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Should a parenting plan include the right of first refusal?

Creating a custody schedule after a divorce is not always easy. Some parents may have gotten divorced because they no longer see eye to eye and constantly disagree, which can make it difficult to come to important decisions. However, when it comes to the children, many Florida parents are willing to compromise in order to do what is best for the kids when it comes to the parenting plan, and for some, that may mean offering the other parent the right of first refusal.

Typically, parenting plans indicate when the children will be with each parent. Because these plans are often created weeks in advance, if not kept on a permanent schedule, custodial parents may not always be able to ensure that the other parent has the kids when an important event comes up. Though many parents call a grandparent or babysitter to watch the kids, divorced parents may want to utilize the right of first refusal to allow the other parent to spend time with the kids.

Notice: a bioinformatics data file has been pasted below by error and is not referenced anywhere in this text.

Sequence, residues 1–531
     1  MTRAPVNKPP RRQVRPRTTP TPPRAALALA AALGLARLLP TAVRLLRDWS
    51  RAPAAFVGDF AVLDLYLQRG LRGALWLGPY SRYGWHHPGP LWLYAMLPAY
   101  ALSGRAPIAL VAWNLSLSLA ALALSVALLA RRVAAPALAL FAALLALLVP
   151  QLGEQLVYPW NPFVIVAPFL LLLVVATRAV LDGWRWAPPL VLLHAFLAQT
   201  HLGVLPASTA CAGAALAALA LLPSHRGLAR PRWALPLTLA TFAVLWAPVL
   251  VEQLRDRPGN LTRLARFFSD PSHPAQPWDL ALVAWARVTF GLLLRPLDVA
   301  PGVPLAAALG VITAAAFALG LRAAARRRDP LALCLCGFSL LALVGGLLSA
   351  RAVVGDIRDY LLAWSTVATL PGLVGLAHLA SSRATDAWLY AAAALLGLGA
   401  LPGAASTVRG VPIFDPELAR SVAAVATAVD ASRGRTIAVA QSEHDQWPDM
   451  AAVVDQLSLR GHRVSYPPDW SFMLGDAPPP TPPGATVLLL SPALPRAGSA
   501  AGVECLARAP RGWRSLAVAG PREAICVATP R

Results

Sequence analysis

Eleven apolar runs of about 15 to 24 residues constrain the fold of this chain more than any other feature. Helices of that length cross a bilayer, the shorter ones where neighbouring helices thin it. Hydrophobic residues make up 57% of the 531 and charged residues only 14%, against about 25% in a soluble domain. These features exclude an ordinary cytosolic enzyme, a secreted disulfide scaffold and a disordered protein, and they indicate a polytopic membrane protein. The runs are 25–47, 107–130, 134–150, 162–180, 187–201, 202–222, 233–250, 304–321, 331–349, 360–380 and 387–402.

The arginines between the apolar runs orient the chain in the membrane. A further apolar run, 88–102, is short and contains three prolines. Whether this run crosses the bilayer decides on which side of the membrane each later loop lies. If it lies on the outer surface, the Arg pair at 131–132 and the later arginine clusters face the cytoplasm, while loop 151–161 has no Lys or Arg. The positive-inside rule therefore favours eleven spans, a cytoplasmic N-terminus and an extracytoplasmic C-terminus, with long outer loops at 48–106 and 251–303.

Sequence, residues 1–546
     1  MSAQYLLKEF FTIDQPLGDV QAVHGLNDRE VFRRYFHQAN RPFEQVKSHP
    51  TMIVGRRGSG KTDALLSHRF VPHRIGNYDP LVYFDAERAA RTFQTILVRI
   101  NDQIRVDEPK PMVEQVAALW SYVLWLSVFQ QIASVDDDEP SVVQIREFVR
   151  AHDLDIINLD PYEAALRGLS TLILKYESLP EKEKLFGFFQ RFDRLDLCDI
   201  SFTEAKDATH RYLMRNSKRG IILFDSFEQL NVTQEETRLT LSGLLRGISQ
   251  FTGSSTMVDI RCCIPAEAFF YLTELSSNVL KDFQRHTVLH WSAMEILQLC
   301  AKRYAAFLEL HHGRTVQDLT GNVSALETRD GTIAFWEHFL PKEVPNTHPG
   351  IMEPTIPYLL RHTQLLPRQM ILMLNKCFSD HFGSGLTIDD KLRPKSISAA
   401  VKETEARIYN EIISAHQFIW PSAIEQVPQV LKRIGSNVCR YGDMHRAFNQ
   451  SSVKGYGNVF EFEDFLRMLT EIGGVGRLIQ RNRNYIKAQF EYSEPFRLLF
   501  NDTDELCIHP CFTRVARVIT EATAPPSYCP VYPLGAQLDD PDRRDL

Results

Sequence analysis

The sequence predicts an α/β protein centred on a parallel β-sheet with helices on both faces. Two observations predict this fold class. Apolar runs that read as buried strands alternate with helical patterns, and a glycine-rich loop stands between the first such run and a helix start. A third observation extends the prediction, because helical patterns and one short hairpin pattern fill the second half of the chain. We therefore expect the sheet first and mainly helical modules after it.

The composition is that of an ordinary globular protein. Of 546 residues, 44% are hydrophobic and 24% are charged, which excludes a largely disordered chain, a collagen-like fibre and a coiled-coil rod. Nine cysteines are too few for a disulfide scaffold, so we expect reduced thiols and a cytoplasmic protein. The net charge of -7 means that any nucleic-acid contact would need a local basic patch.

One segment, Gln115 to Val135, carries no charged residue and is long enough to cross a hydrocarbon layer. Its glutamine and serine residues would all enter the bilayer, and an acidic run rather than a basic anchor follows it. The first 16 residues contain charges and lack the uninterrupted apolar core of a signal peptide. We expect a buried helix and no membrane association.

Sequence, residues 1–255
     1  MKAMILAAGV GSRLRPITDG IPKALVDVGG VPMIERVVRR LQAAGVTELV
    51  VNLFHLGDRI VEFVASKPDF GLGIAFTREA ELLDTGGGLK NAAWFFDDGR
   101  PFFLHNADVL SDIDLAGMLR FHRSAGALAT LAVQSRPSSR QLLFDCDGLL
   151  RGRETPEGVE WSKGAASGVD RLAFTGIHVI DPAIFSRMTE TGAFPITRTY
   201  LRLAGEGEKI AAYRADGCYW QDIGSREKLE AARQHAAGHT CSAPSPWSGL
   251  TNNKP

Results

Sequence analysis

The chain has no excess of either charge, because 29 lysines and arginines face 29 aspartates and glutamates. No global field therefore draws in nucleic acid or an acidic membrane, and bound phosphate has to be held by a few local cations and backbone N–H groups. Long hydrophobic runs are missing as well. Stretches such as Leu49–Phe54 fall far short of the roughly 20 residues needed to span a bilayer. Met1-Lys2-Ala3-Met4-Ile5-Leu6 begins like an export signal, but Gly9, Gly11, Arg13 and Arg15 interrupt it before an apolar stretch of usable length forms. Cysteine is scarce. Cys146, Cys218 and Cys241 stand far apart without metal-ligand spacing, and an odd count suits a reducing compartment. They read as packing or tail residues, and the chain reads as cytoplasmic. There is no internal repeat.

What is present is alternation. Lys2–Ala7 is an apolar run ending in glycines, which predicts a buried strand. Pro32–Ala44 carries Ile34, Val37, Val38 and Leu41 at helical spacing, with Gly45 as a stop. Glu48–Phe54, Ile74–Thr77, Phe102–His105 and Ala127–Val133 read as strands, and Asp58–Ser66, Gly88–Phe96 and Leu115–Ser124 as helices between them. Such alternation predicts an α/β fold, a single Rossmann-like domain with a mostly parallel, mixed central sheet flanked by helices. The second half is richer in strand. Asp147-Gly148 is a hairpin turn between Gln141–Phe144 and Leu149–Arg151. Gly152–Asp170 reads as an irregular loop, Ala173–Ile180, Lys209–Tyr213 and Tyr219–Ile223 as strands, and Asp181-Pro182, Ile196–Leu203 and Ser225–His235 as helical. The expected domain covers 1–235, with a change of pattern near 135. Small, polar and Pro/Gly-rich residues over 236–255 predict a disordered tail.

Essentially, this type of arrangement means that the custodial parent will ask the other parent to watch the kids before asking a babysitter. As a result, the other parent has the opportunity to spend unscheduled time with the kids rather than the custodial parent simply calling a babysitter without asking the other parent first. If possible, it may work best to give the other parent advance notice when it comes to watching the kids rather than the custodial parent asking at the last minute.

Right of first refusal could be immensely useful in a parenting plan. It does not necessarily mean that it will help avoid all custody conflicts, but it could allow for more flexibility. If Florida parents are interested in including this detail in their custody arrangements, they may wish to ensure that it is legally binding.